1. What are osteoblast and osteoclast? What effect does phytoestrogen postulated to have on these cells?
Osteoclasts are a type of bone cell involved in the breakdown of worn out regions of bone, an activity that is stimulated by signals from osteocytes that determine which specific sites in the bone need replacement. Osteoblasts are another type of bone cell whose role is opposite that of osteoclasts – they bring about the synthesis or regeneration of bone tissues. Phytoestrogens such as isoflavone is postulated to enhance the formation of osteoblast cells while depressing the formation of osteoclasts (Poulsen and Kruger, 2008). Hence, the rate of bone synthesis is greater than the rate of bone breakdown.
2. What is the summary of findings of Table 1 and Figure 2 in the article #2 listed above? Just provide the summary of the findings.
Among 675 studies on the effects of isoflavone on bone, 10 randomized controlled trials which specifically measured spine bone mineral density (SBMD) or spine bone mineral content (SBMC) in relation to isoflavone intake were subjected to meta analysis. These studies have been conducted between 2000 to 2005 with participants ranging from 19 to 175 women, majority of whom were post-menauposal. Length of treatment was from 6 months to 2 years and dosage was from 4.4mg per day to 150mg per day of isoflavone in tablet form or in isolated soy protein form. Further evaluation of these studies revealed that only 6 strictly adhered to the procedure and methods of randomized controlled trials – the other four being deficient in areas such as definition of random, method of blinding or documentation of participant drop-outs (Ma, Qin, Wang and Katoh, 2008). Majority of the study results revealed that isoflavone supplementation led to an increase in BMD of the spine in postmenopausal women especially when taken as isolated soy protein form and with a dosage of 90mg per day for 6 months.
3. What is the summary of findings of Table 1 and Figure 2 in the article #3 listed above? Just provide the summary of findings.
Nine studies were selected on the basis that they were randomized controlled trials and measured bone-specific alkaline phosphatase (BAP) and deoxypiridinoline (Dpyr) as indicators of bone remodeling and bone breakdown respectively. Participants ranged from 4 to 48 women who were given either isoflavone in soy protein form, genistein or isoflavone tablets. Dosage ranged from 37.3mg per day to 118mg per day. The results of 8 studies pointed to an increase in BAP and a decrease in Dpyr in urine which means that bone remodeling occurred at a higher rate than bone resorption (Ma, Qin, Wang and Katoh, 2008). This effect was observed even if intake was less than 90mg per day and in shorter treatment duration.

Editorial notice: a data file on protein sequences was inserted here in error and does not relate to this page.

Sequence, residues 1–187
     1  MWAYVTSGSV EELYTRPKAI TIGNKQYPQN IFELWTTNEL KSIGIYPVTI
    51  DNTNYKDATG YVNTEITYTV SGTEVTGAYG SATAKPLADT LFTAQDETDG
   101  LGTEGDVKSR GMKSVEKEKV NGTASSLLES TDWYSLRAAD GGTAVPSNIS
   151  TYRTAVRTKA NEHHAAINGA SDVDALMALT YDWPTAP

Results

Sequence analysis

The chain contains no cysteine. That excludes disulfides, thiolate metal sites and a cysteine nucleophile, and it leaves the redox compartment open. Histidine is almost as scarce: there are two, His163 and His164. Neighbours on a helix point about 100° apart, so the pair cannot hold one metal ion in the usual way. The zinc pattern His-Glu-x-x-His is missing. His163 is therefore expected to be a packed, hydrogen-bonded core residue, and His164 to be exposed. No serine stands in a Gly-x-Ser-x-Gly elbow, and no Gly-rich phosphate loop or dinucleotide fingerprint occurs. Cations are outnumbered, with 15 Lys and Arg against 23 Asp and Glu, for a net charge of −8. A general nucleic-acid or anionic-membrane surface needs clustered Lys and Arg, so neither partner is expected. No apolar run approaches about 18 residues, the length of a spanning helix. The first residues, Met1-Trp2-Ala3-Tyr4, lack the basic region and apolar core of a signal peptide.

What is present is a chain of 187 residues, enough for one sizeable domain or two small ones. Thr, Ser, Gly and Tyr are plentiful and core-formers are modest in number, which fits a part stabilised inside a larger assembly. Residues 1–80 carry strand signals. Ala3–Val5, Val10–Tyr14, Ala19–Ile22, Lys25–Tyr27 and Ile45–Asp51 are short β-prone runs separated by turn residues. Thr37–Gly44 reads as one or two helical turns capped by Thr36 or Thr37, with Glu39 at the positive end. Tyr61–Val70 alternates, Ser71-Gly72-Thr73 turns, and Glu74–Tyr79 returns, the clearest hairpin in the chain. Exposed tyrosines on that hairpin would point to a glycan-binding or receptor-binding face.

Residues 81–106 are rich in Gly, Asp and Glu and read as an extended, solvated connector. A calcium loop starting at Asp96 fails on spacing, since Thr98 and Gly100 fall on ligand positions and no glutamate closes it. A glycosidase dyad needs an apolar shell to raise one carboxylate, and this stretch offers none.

4. Based on your readings, would you recommend isoflavone supplement for bone health? If so, to which population?
Regular isoflavone intake through dietary consumption of soy products or in tablet form has been correlated with higher bone mass density, hence healthier bones, in postmenopausal Asian women as suggested by the three studies. However, these effects have not been consistently documented among other populations of women who also obtained isoflavone supplementation. The varying results were attributed to the different types of isoflavones used, differences in dosage forms, differences in stage of menopause of the participants, differences in diet and metabolism, length of time of use, concurrent intake of calcium supplements and many other factors (Poulsen and Kruger, 2008). In addition, the researchers admitted that small sample sizes of their studies greatly limited the generalization of their conclusions. Therefore, until further studies provide conclusive evidence of the positive effects of isoflavone as comparable to current established therapies for osteoporosis such as calcium supplementation or hormone replacement therapy in postmenopausal women, isoflavone supplementation is not recommended except for Asian women who have long been obtaining the phytoestrogen through their diet.
List of References
Ma, D.F., Qin, L.Q., Wang, P.Y. and Katoh, R. (2008). “Soy isoflavone intake increases bone mineral density in the spine of menopausal women: meta analysis of randomized controlled trials”. Clinical Nutrition 27: 57-64.
Ma, D.F., Qin, L.Q., Wang, P.Y. and Katoh, R. (2008). “Soy isoflavone intake inhibits bone resorption and stimulates bone formation in menopausal women: meta analysis of randomized controlled trials”. European Journal of Clinical Nutrition 62:155-161.
Poulsen, R.C. and Kruger, M.C. (2008). “Soy phytoestrogens: impact on post-menopausal bone loss and mechanisms of action”. Nutrition Reviews 66(7): 359-374.